Scientists track hurricane activity through tree rings

Published 12:21 am Sunday, October 1, 2006

Within the annual growth rings of old longleaf pines, scientists are discovering a previously unknown record of hurricane activity in the Southeast.

A University of Tennessee-led team has found that hurricane rain can leave a chemical mark in the woody tissue of these shallow-rooted trees that can date when storms occurred.

That may provide “a high-resolution, precisely dated biological archive of climate that could be extended back for centuries, and even millennia,” the scientists write in a new study published in the Proceedings of the National Academy of Sciences.

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Understanding how often hurricanes occurred in the past could help predict how often they will occur in the future.

“This is an exciting new development,” said Chris Landsea with the National Hurricane Center. “That they can see historic hurricanes in trees is just an amazing discovery.”

A noted increase in hurricane activity in the Southeast from the Atlantic Ocean and Gulf of Mexico since the mid-1990s has scientists looking for historical trends and an explanation of whether this is a natural pattern or linked to human-induced global warming.

“The question of how global warming is impacting hurricanes is crucially important,” Landsea said. “I don’t think it is a yes or a no question. I think the real question is how much of a change is going on today and in the future.

“And it may be that studies like this can help answer some of those real important questions,” he said.

Precise meteorological records go back only about a half century. From the 1860s to the 1940s, newspaper accounts of big storms and ships’ logs are the best source for data. For the 1700s, scientists must rely on plantation accounts, and virtually nothing else before then.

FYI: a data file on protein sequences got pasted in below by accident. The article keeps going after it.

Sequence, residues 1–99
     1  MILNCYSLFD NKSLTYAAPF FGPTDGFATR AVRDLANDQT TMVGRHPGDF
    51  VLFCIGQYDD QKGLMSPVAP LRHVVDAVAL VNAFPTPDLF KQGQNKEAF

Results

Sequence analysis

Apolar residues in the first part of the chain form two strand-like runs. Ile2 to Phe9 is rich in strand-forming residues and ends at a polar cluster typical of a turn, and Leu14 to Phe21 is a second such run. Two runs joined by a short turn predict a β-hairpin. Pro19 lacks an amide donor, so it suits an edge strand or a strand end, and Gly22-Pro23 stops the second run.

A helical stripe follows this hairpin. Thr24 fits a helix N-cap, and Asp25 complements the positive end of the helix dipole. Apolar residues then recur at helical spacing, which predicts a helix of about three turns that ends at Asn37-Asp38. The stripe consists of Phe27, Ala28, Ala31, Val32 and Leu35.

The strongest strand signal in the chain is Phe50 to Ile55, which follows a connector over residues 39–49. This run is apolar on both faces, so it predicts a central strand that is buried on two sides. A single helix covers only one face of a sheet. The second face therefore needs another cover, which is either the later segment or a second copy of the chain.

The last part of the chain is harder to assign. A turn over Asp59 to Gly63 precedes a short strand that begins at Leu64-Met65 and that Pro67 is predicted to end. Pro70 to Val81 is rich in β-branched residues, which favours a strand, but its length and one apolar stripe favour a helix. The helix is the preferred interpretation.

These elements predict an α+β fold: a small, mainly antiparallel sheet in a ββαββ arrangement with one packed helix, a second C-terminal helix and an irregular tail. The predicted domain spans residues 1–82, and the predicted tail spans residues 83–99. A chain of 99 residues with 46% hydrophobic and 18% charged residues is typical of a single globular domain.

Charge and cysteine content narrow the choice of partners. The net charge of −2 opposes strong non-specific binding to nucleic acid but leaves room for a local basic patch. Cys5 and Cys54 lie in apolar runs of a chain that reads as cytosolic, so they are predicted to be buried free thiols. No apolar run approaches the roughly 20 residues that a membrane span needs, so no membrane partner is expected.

So researchers look for signs of hurricane activity — or “proxies” — such as the unique absence of certain oxygen molecules in hurricane rain water. They have looked for signs in coastal cave deposits and coral, but neither is as exact as the natural growth rings of a tree.

The University of Tennessee’s Henri Grissino-Mayer, a dendrochronologist, or tree-ring expert, and Claudia Mora, a geologist, have pursued this arboreal record of hurricanes for more than two years. They were aided by doctoral student Dana Miller, lead author of the latest study, and others.

Using tree samples collected in south Georgia near Valdosta State University, where Grissino-Mayer previously taught, the team first plotted tree-ring evidence against the 50-year meteorological record.

The site is within 200 kilometers — 124 miles — of Florida’s Gulf Coast and Georgia’s Atlantic Coast, so hurricanes from both could be detected. The tree rings produced hurricane isotope “fingerprints” in 18 of the 19 years in which the storms were documented, Mora said.

The latest study, funded in part by the National Science Foundation, looked back 220 years against a far sketchier record. Again, the tree-ring evidence corresponded with available accounts.

In the earliest years, particularly the 1820s and 1840s, the researchers found evidence of “a lot of hurricanes for which there was no historical documentation that a hurricane had ever occurred in that area,” Mora said.

With their methods proven, Mora and Grissino-Mayer hope to secure funding to go back even further in time — before the polluting advent of automobiles in the 20th century and the dawn of the industrial revolution in the 19th century — and study a larger geographic area, from the Carolinas to Texas.

Longleaf pines can live to be 200 years old. Grissino-Mayer has found stumps left from long-ago timber harvesting at Hope Mills, N.C.; Sandy Island, S.C.; and Eglin Air Force Base at Pensacola, Fla.; and preserved wood in swampy Lake Louise, Ga., that are much older.

“We know we can push the hurricane record back to the 1400s,” he said. “And with the collection of more tree-ring samples, we are certain we can push the record of hurricanes back at least to the year 1000.

“And imagine that,” Grissino-Mayer said. “Imagine being able to see if there have been changes in the frequencies of hurricanes on time scales of decades or even centuries. That is what the tree-ring isotope record can provide.”